Losing Mike Trout For 7 Weeks Is Like Losing A Normal Star For A Full Season – FiveThirtyEight

Major League Baseball was jolted with bad news Monday when it was announced that all-universe outfielder Mike Trout — who may go down as baseball’s greatest player ever — will go to the disabled list for the first time in his career. (The Angels’ slugger is scheduled to undergo surgery Wednesday to repair the UCL in his left thumb after being injured while sliding hands-first into second base during a game against the Miami Marlins on Sunday.)

Estimates have Trout missing six to eight weeks, which would put him back on the field by mid- or late July. Plenty of players have been out for longer stretches, but Trout is so good that the cost to the Angels of losing him for only a couple of months would be on par with season-ending injuries suffered by other star players.

Without Trout, things could get ugly for L.A. Even with Trout and his major-league-leading 3.5 wins above replacement,1 Los Angeles is a game below .500, with a 14 percent chance of making the playoffs. Losing six to eight weeks of Trout would cost the Angels about 2.2 wins,2 according to the method my colleague Rob Arthur and I used to estimate the damage (in WAR) of disabled-list trips.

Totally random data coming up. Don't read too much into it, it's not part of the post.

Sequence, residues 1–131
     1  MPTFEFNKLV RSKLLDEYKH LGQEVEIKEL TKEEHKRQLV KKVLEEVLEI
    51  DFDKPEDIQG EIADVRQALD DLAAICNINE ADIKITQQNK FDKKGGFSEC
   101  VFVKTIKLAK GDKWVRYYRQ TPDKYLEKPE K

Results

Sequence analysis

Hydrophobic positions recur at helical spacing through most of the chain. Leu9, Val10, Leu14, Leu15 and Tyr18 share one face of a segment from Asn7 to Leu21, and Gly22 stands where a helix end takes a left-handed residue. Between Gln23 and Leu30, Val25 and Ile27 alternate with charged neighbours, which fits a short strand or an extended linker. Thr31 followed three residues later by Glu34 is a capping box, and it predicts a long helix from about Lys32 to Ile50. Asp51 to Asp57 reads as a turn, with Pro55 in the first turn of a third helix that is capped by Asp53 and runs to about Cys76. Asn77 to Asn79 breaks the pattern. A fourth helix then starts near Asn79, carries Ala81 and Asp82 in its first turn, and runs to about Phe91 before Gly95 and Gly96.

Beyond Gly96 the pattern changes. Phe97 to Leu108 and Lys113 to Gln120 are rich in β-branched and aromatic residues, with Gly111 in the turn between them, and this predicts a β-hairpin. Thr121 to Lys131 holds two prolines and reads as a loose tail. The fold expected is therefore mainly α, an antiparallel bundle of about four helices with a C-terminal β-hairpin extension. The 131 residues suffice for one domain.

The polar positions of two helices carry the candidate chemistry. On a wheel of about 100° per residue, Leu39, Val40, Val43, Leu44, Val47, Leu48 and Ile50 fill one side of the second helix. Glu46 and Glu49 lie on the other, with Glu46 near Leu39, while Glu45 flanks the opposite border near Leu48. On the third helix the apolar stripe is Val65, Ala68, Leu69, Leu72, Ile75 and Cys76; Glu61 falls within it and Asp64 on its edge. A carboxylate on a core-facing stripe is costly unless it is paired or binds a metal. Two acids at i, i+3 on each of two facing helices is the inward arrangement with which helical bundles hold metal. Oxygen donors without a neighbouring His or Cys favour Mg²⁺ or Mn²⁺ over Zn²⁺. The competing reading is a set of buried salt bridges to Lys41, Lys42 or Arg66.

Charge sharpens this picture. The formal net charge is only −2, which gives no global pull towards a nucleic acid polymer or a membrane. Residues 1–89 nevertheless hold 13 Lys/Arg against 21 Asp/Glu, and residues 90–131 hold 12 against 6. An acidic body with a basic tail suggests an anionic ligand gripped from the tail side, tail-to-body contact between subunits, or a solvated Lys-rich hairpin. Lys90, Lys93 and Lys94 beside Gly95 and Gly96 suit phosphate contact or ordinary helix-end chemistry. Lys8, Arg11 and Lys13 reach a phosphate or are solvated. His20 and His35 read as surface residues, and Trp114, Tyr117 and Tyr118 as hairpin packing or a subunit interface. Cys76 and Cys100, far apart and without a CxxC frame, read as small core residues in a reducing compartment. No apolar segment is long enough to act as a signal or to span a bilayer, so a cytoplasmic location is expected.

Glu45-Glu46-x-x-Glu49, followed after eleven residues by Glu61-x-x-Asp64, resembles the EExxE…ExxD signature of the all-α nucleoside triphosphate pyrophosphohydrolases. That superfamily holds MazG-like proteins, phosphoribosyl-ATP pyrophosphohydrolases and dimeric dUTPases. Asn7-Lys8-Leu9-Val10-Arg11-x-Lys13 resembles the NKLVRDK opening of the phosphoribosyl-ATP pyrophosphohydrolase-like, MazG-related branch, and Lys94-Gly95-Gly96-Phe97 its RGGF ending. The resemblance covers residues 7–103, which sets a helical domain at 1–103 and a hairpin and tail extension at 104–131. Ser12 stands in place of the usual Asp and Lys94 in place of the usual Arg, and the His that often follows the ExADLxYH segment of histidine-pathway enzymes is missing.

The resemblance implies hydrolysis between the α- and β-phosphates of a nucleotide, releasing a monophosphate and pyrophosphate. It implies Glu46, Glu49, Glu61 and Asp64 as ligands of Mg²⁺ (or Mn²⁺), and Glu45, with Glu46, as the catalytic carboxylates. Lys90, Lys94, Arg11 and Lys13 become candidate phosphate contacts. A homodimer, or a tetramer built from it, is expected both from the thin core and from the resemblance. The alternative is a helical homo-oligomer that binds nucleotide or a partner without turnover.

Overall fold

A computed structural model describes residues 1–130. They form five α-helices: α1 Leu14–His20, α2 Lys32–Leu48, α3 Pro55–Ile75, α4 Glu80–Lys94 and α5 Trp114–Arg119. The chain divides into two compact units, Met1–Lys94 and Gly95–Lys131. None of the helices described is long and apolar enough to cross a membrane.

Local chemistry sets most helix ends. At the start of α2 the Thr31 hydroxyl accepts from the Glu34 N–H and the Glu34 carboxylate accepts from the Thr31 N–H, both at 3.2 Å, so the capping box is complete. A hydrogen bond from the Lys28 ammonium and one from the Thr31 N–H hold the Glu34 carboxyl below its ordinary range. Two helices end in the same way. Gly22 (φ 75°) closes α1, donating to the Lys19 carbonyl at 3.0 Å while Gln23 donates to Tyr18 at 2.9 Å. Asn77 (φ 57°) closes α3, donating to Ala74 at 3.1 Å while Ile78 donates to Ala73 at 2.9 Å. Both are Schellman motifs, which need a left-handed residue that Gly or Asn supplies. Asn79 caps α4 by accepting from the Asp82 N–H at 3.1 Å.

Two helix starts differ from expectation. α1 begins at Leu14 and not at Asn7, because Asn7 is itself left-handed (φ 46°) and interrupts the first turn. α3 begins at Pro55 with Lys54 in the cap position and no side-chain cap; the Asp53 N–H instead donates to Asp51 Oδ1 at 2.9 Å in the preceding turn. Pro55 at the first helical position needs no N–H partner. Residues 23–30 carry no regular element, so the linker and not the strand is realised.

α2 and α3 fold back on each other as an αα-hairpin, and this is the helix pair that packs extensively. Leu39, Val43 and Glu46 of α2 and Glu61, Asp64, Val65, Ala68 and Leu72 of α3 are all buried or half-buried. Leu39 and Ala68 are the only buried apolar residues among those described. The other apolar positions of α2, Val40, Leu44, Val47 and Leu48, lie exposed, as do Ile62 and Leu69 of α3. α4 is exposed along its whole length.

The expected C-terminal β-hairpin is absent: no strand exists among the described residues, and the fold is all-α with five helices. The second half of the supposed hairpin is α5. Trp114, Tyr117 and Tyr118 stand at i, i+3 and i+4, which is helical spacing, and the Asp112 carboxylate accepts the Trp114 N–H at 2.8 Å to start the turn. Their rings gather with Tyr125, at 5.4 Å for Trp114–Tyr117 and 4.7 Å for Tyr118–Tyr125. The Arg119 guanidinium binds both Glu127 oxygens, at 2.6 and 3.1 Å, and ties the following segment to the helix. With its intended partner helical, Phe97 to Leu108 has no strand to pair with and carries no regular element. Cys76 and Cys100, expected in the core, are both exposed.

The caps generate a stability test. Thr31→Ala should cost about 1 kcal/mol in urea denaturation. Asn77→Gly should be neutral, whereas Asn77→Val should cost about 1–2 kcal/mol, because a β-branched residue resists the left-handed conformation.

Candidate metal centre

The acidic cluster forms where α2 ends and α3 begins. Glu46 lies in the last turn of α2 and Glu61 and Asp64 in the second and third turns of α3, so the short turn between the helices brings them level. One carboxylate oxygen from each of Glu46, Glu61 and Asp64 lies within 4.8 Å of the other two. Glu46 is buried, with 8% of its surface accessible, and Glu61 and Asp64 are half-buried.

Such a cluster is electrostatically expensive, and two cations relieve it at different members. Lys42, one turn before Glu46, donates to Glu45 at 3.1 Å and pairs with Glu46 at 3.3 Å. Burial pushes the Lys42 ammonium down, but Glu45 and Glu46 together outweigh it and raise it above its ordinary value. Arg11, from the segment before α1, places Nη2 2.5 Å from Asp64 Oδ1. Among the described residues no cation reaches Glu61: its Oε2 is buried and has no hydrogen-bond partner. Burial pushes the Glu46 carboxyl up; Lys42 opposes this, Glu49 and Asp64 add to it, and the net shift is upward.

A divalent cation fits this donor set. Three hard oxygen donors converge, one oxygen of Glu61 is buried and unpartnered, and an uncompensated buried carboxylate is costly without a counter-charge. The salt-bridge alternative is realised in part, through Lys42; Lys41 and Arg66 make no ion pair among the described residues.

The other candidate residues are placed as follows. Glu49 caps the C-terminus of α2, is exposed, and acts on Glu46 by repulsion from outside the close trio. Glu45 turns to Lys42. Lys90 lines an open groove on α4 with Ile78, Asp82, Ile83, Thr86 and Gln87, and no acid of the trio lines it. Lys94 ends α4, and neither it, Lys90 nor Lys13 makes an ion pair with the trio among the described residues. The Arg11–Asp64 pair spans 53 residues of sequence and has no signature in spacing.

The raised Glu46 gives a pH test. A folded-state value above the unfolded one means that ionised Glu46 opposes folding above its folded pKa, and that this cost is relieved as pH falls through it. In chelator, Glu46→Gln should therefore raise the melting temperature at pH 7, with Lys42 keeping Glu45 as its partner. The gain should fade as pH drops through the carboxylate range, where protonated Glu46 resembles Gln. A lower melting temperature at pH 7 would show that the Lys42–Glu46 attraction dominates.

Going back to 2010,3 a 2.2-WAR DL stint would represent one of the most costly injuries suffered by a team in a season (although not the most costly):

Projected WAR determined by Tom Tango’s “WARcel” method, which projects a player’s WAR based on his previous three seasons and a regression-to-the-mean effect.
* Trout’s DL days are projected to 7 weeks, based on media reports that he’ll be out 6 to 8 weeks.

Sources: FanGraphs, Baseball-Reference.com, baseball heat maps

Overall, a seven-week absence for Trout would be the 22nd-most-damaging DL trip in our data set. However, many of the most costly injuries on the list above belonged to pitchers — fragile fireballers who have a tendency to miss enormous amounts of time after Tommy John surgery and other arm ailments. Among non-pitchers, Trout’s DL stint would rank 11th-worst.

It’s also telling that the length of Trout’s layoff only projects to be about 40 percent as long as those of the position players above him. Even when he’s getting injured, Trout manages to remind us how insanely productive he is.

Sadly, we’ll probably have to wait at least a month and a half before we get to see Trout again on a major-league field, and that’s not good for anybody except the pitchers who have to face him. But at least it’ll give someone else a chance to shine as the best player in baseball — a role that Trout’s been hogging for a long time.
Check out our latest MLB predictions.